Clear Spring's 2007 Valedictorian heads for Air Force Academy

June 29, 2007|By ERIN CUNNINGHAM

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CLEAR SPRING - Growing up, Nick Smith said he would modify paper airplanes to make them faster and better. Now a teenager, he's working with electronics and car engines.

Nick left Wednesday for the U.S. Air Force Academy, where he will pursue his passion for flying and an engineering degree.

Nick, 17, graduated from Clear Spring High School this year as the school's valedictorian. He'll participate in basic training at the campus in Colorado Springs, Colo., until August when his academic classes will begin.


"Flying has always been one of my passions," he said.

Nick said he always was interested in enlisting in the military, and said initially he was interested in attending the U.S. Military Academy at West Point.

But he decided he didn't want to be a "grunt," and said he doesn't want to be on a boat for a long time.

"The Air Force is known as the smart branch," Nick said.

He has until his junior year to declare a major and said he's settled on a bachelor's of science degree in either aerospace engineering or chemical engineering.

"I've always liked to tinker with things and improve things," he said. "And that's what you do as an engineer."

Nick said he's always excelled at math and science, and rarely has to study. His favorite subject is calculus.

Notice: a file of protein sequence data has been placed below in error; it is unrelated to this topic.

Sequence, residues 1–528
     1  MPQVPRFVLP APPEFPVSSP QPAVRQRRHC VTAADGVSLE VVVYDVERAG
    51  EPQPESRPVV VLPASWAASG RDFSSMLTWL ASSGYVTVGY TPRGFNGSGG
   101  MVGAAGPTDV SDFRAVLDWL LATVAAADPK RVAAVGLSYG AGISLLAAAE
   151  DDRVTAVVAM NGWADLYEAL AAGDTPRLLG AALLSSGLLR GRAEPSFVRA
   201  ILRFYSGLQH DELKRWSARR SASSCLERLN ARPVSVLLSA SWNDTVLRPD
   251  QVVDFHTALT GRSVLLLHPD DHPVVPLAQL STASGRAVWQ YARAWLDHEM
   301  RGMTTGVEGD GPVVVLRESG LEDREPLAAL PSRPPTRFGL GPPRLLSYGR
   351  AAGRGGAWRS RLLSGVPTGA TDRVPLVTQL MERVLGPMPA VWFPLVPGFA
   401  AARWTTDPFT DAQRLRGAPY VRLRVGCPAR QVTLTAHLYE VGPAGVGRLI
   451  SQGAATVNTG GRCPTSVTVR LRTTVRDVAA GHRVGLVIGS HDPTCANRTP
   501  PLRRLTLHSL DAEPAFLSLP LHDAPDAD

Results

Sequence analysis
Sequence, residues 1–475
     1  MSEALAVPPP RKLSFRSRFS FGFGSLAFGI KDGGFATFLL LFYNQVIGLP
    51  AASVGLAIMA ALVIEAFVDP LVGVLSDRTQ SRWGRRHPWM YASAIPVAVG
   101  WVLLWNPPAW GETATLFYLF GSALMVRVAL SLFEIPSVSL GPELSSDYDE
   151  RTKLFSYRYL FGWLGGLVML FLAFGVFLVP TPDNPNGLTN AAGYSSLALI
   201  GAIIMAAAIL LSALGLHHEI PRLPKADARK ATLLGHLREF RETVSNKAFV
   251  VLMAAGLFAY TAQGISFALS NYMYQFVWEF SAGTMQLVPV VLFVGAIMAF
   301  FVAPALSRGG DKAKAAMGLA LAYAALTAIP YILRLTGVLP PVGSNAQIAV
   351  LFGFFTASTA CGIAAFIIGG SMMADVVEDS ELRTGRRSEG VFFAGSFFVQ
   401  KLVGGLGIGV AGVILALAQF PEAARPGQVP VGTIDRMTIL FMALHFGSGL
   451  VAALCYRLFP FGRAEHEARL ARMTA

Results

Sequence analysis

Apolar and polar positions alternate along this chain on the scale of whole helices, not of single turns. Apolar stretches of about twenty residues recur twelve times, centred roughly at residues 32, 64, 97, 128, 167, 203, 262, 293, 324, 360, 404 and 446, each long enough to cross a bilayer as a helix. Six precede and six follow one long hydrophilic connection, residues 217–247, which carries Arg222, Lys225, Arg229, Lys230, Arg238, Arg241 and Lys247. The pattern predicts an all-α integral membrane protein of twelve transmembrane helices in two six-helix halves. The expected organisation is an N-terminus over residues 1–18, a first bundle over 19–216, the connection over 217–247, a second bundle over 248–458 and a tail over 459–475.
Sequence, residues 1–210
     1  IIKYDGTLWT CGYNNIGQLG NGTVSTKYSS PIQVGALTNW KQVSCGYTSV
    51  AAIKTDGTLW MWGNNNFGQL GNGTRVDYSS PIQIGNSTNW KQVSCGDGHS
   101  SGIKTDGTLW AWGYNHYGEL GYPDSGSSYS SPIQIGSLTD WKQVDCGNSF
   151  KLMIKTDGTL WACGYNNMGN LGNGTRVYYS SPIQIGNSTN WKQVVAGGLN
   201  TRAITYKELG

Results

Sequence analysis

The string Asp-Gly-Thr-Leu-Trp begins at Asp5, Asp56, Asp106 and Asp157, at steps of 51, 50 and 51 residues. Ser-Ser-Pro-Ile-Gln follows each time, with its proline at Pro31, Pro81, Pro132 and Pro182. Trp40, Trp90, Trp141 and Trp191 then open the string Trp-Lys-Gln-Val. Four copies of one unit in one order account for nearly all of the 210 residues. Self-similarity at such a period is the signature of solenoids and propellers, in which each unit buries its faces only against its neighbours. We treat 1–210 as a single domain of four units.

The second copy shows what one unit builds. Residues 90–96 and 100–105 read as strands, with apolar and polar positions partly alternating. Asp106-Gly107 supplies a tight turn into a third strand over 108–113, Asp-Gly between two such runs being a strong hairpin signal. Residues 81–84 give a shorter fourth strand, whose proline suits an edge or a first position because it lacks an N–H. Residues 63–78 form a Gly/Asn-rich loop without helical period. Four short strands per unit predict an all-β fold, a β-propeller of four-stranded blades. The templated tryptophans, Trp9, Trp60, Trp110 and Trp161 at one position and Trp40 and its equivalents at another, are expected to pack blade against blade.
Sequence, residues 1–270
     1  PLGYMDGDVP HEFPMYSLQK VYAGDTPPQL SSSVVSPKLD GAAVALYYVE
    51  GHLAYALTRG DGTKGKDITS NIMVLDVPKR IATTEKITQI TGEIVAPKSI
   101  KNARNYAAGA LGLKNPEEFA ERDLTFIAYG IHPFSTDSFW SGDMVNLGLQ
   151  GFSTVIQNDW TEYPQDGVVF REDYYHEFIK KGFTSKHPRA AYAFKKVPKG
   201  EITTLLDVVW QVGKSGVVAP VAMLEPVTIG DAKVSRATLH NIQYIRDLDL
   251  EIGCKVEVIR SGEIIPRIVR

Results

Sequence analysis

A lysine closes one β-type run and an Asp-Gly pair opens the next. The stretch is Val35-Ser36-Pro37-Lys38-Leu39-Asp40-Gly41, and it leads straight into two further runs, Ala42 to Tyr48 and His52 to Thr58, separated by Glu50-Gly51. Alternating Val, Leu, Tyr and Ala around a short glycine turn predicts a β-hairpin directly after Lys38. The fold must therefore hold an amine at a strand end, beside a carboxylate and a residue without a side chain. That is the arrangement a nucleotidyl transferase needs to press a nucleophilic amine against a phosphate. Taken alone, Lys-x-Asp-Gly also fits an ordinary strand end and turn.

"I really like that you can get a definite answer to anything," he said. "That's just how my brain works."

Nick was president of the National Honor Society at Clear Spring, where he won many academic awards.

He also was active in the Civil Air Patrol, which is the U.S. Air Force Auxiliary, for nearly seven years.

Nick said he only applied to the U.S. Air Force Academy and the New Mexico Military Institute, but was offered scholarships to other universities.

His family is supportive of his decision to attend the academy, but wishes Nick wasn't moving so far away. His parents are Donald and Kendra Smith, and Nick has a brother, Brandon, 15, and a sister, Chelsea, 14.

In exchange for his education, he's required to give the Air Force at least five years of service. After receiving his degree, Nick said he'd like to go to graduate school or pilot training. Both are competitive programs.

"I'm not going to make an entire career out of it, but I'm not going to do the bare minimum either," he said.

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